Bravo for the segment on Education! Doing what works is the message that needs to get thru to all educational institutions. Your segment highlighted what every school needs to be doing: gathering together and finding solutions to helping students learn. When teachers and administrators are engaged in the process, and there is demonstrated progress, the system changes for the best. Learning is at the core to so many challenges we face. The more we all know about HOW we learn, and HOW to support learning, and to share our process with others, the more we all grow. Thank you for a wonderful segment, and I will enjoy exploring more about the program in the future.

  • Citizen

    Bravo for the segment on Education! Doing what works is the message that needs to get thru to all educational institutions. Your segment highlighted what every school needs to be doing: gathering together and finding solutions to helping students learn. When teachers and administrators are engaged in the process, and there is demonstrated progress, the system changes for the best. Learning is at the core to so many challenges we face. The more we all know about HOW we learn, and HOW to support learning, and to share our process with others, the more we all grow. Thank you for a wonderful segment, and I will enjoy exploring more about the program in the future.

  • Anonymous

    I believe we may be being misled about the need for STEM, and wish to see further discussion about so-called “scientist shortage.” Early in her article, “Does the U.S. Produce Too Many Scientists?” (Scientific American, 2/2010), Beryl Leiff Benderly (a scientific labor force issue writer) quotes Bill Gates’ 2008 testimony to Congress. He said, “We face a critical shortfall of skilled scientists and engineers who can develop new breakthrough technologies.”

    Then Benderly writes: “But many less publicized Americans, including prominent labor economists, disagree. ‘There is no scientist shortage,’ says Harvard University economist Richard Freeman, a leading expert on the academic labor force…” Read the whole piece @ http://www.scientificamerican.com/article.cfm?id=does-the-us-produce-too-m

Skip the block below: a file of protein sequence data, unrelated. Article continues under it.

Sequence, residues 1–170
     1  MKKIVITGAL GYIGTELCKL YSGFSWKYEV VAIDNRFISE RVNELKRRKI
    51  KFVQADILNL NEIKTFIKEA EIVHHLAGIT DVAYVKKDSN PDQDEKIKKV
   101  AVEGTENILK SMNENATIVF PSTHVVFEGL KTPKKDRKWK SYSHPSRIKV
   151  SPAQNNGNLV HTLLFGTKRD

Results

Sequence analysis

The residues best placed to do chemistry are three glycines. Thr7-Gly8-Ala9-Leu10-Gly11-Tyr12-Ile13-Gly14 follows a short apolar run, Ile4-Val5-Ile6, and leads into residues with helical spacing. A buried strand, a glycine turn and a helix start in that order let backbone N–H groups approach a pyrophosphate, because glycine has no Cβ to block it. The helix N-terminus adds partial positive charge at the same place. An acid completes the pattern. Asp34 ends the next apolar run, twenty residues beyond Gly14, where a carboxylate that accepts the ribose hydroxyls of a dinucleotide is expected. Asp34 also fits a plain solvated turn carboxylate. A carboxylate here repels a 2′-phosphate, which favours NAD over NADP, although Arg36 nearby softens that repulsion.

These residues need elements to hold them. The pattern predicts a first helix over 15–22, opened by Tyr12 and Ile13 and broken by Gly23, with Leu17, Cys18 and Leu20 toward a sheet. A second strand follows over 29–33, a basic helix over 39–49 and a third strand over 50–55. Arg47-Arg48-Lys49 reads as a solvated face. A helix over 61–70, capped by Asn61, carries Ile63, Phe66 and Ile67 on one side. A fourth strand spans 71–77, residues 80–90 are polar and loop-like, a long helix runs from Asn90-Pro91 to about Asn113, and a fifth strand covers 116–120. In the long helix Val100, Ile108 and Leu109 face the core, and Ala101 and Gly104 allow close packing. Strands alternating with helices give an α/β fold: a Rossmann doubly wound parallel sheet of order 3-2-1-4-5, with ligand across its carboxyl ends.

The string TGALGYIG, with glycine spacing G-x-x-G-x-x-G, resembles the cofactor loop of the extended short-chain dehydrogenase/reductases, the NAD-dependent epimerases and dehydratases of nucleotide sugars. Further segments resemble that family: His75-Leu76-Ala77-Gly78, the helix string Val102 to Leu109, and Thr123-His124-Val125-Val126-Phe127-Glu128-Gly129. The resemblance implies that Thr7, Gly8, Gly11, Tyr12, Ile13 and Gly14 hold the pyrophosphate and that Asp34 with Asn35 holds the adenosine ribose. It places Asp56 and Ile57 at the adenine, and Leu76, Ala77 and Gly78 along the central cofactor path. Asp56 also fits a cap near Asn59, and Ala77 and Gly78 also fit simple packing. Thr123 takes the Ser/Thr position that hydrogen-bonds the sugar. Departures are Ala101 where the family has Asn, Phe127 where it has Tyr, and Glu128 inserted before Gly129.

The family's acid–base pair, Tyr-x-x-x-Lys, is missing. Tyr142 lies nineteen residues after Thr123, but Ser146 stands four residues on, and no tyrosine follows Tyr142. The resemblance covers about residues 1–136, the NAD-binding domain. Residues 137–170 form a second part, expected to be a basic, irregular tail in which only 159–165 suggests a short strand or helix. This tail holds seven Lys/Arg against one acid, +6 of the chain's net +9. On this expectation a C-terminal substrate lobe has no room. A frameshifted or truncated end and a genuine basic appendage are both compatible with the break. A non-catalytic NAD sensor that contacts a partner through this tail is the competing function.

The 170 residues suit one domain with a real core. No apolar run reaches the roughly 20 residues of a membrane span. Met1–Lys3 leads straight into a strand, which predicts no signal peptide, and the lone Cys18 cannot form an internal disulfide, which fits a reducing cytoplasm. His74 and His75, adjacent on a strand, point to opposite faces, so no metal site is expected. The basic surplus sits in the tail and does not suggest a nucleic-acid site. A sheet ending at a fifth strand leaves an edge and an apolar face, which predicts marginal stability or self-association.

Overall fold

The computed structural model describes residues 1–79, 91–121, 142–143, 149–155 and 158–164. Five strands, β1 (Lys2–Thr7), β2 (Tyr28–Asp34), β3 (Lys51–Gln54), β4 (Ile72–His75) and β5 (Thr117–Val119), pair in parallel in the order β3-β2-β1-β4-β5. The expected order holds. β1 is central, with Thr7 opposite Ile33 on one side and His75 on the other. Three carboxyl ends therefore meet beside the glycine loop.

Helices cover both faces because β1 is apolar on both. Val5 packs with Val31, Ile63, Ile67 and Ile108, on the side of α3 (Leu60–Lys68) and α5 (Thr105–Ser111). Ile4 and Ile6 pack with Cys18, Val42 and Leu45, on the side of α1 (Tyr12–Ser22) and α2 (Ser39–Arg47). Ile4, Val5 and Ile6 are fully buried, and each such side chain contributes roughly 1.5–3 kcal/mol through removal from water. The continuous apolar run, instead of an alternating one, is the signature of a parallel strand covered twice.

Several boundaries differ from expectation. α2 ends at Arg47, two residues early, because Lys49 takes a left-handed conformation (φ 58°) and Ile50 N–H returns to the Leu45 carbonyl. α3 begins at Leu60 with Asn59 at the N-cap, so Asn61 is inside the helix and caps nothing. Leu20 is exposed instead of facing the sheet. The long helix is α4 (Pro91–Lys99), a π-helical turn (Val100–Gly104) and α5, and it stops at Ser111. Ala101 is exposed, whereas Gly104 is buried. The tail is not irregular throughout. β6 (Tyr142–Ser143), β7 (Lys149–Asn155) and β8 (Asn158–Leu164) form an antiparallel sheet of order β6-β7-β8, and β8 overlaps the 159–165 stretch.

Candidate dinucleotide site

While there are certainly STEM labor needs, they are much, much narrower than Gates and others are ever willing to say.

    My daughter, who will soon be entering a PhD program in chemistry at a top university, has told me how shocked she and her peers are to find that, after dedicating so many years of their lives to being excellent students in high level math and science courses and being told their futures are guaranteed because of the high need, their current job prospects are actually quite grim. What they were not told is that many of the science jobs in which they had imagined themselves have been outsourced. The fact of the matter is that there are a lot of discouraged new chemistry, and probably other science, PhDs who are deciding to next go to law or business school, or to resign themselves to years of low pay and long hours in some lesser academic setting, because of the dreary situation.

    In other words, there may well good reason to doubt the STEM ed reform theme.

  • Disappointed

    For the past 2 weeks, nothing but replays

  • Ilektra

    In the opening segment, they forgot to mention the floods in Pakistan… But then, no one in the US really wants to remember or acknowledge the horrific conditions there, they may have to confront their own evil doing when it comes to bombing the country themselves…